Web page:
Thursday, 15 August 2013

Butternut Squash (Kaddu)

Butternut Squash is very similar to the edible Pumpkin (Kaddu) we get in abundance almost all year round in India. I am sure someone will correct me if I am wrong. At least in the UP you would be served almost at every religious festivity. It is cheap and so easy to cook that it is a good vegetable to prepare for larger gatherings in the villages. My favourite  recipe is from my maternal family home. 

Butternut Squash has become very fashionable lately. Lots of chefs on the TV are using it, some in the salads, others mixing it with various meats as a tenderiser or a sweetener. Because of its resurgence it is freely available in the supermarkets of UK. It looks rather grand but tastes exactly like the Kaddu in India. As it is smaller it is very convenient to use up the whole, some as a vegetable and the remainder for salad.


  • One Butternut Squash cut in to 1 inch chunks. I leave the skin on as it keeps the pieces together and has its own taste. 
  • 3 tbsf Oil
  • 1-2 dried whole red Chilli
  • ½ tsf Methi seeds (fenugreek seeds)
  • ½ tsf Haldi (turmeric)
  • 1 tsf Salt
  • 1 ½ tsf Mango Powder (Amchur)
  • ½ tsf Sugar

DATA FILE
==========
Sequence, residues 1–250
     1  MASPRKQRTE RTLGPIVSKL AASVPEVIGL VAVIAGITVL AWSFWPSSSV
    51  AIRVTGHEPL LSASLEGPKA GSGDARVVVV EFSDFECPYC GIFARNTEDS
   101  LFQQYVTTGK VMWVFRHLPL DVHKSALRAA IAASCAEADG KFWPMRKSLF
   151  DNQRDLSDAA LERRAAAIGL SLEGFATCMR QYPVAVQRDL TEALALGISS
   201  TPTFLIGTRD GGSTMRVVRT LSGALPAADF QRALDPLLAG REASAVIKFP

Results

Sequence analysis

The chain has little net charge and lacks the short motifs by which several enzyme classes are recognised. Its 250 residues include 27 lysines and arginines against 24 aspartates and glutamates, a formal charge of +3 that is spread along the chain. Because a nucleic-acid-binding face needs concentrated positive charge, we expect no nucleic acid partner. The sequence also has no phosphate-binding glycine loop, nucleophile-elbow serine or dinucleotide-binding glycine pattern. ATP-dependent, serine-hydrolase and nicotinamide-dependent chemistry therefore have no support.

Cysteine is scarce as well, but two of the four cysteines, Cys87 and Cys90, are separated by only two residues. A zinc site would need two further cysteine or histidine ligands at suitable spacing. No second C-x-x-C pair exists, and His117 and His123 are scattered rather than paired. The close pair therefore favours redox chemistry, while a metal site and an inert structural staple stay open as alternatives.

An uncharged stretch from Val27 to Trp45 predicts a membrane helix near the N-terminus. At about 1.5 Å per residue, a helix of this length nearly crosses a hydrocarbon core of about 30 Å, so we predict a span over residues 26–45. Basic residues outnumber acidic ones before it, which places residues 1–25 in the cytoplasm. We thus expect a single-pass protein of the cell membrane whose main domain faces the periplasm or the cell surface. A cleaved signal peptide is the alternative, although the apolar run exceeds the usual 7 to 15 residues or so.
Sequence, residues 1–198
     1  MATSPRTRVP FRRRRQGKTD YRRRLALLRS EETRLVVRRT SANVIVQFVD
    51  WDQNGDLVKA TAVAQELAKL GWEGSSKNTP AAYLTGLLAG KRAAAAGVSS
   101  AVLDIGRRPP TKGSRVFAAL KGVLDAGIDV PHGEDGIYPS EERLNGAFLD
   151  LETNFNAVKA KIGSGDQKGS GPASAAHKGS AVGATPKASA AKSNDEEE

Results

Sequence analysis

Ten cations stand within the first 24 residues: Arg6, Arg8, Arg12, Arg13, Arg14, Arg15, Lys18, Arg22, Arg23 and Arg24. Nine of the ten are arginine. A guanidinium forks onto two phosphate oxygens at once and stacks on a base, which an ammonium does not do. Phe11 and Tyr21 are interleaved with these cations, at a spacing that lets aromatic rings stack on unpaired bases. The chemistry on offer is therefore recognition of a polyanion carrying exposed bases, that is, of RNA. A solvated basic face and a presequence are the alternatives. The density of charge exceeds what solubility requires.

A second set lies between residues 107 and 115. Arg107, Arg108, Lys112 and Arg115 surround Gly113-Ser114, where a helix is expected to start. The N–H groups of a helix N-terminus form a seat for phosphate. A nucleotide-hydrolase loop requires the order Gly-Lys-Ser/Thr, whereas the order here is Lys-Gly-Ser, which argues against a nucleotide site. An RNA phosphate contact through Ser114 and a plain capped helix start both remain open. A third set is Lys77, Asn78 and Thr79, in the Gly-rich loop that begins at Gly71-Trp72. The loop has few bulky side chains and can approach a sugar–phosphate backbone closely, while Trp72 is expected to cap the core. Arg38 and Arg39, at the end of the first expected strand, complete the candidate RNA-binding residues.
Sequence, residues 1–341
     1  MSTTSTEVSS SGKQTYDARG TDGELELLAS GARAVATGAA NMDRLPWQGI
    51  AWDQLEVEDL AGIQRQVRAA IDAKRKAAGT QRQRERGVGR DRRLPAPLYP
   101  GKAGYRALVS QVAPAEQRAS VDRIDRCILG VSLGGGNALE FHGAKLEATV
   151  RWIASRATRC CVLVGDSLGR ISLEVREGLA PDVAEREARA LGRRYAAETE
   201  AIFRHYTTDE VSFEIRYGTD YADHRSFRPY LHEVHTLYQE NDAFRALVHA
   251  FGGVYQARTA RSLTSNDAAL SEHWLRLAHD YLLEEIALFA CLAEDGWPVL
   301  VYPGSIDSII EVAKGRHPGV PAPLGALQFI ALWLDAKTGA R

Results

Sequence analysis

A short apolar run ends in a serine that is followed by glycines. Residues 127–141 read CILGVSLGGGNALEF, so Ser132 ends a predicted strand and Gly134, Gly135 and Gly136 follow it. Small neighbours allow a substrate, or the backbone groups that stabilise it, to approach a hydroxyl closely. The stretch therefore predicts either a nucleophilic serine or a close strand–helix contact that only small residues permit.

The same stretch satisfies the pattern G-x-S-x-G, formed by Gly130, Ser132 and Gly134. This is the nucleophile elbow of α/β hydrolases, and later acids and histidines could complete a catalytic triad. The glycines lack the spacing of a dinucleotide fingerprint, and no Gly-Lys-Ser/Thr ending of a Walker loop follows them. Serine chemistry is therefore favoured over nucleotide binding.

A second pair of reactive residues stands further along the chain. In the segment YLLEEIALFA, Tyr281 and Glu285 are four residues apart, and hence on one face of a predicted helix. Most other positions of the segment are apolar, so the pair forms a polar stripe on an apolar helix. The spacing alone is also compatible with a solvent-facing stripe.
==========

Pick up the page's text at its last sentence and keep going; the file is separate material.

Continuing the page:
1. In a wok heat the oil.
  2. When it is hot add the Methi seeds till they turn dark brown (not black).
  3. Crush the whole dried red chilli into 2-3 pieces and add to the oil and let it brown.
  4. Now add the haldi and salt and mix it for 1-2 minutes.
  5. Add the Butternut Squash pieces, mix well with the above ingredients.
  6. Add 2-3 tablespoonful of water cover and cook in low heat for 10 minutes.
  7. Add Mango powder and sugar. Mix well and cover the wok and cook for another 10-15 minutes or till the Butternut Squash can be cut with a blunt spoon. It there is too much fluids remove the cover and let the water evaporate.

1 comment:

  1. Hi Rajiv, it was good to meet you today and see your great food blog. I thought I would let you know that we cooked your Butternut Squash (Kaddu) and we really enjoyed it with spinach and wild rice. Regards, Tony (PS I have blogged about it on